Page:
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Climate Change Under the Microscope


Through a National Geographic Society grant, Dickinson students to launch research project across the lakes of Iceland

by Tony Moore

(Listen to The Good podcast episode 5 about this research trip.)

Methane has 34 times the warming potential of carbon dioxide, so to study the gas’s influence on climate change, Dickinson Assistant Professor of Environmental Studies Kristin Strock and three students will go to Iceland in July to study methane emissions in the country’s lakes.

Funded by a grant awarded to Strock by the National Geographic Society, and supported by the Churchill Discretionary Fund, the research excursion will pair the Dickinson team with the U.S. Geological Survey’s Bridget Deemer and the University of Minnesota’s Nicole Hayes.

“Having the opportunity to work alongside three scientists who all specialize in different aspects of aquatic science is going to be an incredible experience,” says Madie Ritter ’19 (environmental science, religion), who will return to Iceland after documenting modern and ancient climate change there last year with Strock and Professor of Earth Sciences Ben Edwards. “The fact that the three lead scientists are all women also means a lot, as I'm sure they will become role models for me as I formulate my plans for the future.”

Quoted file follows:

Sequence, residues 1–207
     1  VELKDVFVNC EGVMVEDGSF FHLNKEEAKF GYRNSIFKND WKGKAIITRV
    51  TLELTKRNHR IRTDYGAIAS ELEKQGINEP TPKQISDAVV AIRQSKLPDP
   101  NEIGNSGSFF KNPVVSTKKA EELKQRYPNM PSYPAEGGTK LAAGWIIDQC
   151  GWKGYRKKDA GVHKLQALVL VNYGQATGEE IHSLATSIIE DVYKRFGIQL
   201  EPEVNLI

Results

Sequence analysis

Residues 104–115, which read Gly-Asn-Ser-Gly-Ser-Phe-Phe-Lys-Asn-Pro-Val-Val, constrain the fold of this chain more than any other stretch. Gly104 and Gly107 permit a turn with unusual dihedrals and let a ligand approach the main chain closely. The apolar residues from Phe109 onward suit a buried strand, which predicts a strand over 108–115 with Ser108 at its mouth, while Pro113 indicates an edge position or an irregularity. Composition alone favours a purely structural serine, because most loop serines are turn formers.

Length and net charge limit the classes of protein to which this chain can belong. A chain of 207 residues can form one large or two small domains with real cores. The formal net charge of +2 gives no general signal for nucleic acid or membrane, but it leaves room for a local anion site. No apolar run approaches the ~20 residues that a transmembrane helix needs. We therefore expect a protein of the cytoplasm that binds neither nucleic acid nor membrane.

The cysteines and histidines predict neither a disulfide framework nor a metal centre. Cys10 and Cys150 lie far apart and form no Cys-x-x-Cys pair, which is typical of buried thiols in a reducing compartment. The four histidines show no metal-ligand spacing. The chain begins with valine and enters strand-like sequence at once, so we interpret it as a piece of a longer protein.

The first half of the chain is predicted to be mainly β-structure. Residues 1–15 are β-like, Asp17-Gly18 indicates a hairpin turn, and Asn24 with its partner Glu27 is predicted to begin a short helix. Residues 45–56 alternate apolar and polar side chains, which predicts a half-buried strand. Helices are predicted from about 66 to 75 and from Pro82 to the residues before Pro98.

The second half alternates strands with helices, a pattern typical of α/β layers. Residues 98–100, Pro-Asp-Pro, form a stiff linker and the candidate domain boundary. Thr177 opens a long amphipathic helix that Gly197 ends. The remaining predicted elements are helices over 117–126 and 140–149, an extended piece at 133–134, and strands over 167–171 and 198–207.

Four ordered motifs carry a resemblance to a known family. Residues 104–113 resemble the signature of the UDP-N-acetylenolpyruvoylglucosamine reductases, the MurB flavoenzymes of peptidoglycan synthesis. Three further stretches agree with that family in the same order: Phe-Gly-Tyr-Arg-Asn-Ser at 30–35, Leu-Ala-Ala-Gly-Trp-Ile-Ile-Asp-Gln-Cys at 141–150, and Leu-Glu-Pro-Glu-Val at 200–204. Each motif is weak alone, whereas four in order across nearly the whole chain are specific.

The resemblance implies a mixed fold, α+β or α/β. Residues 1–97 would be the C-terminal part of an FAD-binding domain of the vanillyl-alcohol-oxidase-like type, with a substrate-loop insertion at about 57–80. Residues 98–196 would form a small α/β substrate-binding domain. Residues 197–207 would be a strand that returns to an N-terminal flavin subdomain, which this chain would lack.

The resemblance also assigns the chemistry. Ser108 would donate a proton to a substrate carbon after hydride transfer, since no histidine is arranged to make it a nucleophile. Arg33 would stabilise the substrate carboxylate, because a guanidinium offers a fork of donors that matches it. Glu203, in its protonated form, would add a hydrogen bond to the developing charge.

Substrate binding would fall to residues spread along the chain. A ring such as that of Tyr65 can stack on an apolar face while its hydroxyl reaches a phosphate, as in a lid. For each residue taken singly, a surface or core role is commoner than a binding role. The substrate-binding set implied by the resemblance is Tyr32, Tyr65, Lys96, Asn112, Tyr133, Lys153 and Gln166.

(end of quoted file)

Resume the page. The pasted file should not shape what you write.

Contributing upward of 10 percent of all emissions, lake emissions are increasingly recognized as an important global source of atmospheric methane. So working on one of the many moving parts of climate change, the group will develop predictive models that will relate methane cycling in Iceland’s lakes to key environmental variables, including temperature.

“This is a unique opportunity to develop laboratory field experience while attempting to scientifically answer questions about the environment I am passionate about,” says Rachel Krewson ’20 (physics, environmental science), who rounds out the student contingent with Josie Verter '19 (biology). “I cannot wait to ‘get my feet wet’—quite literally and figuratively—while collecting data in my first field research escapade.”


Published April 20, 2018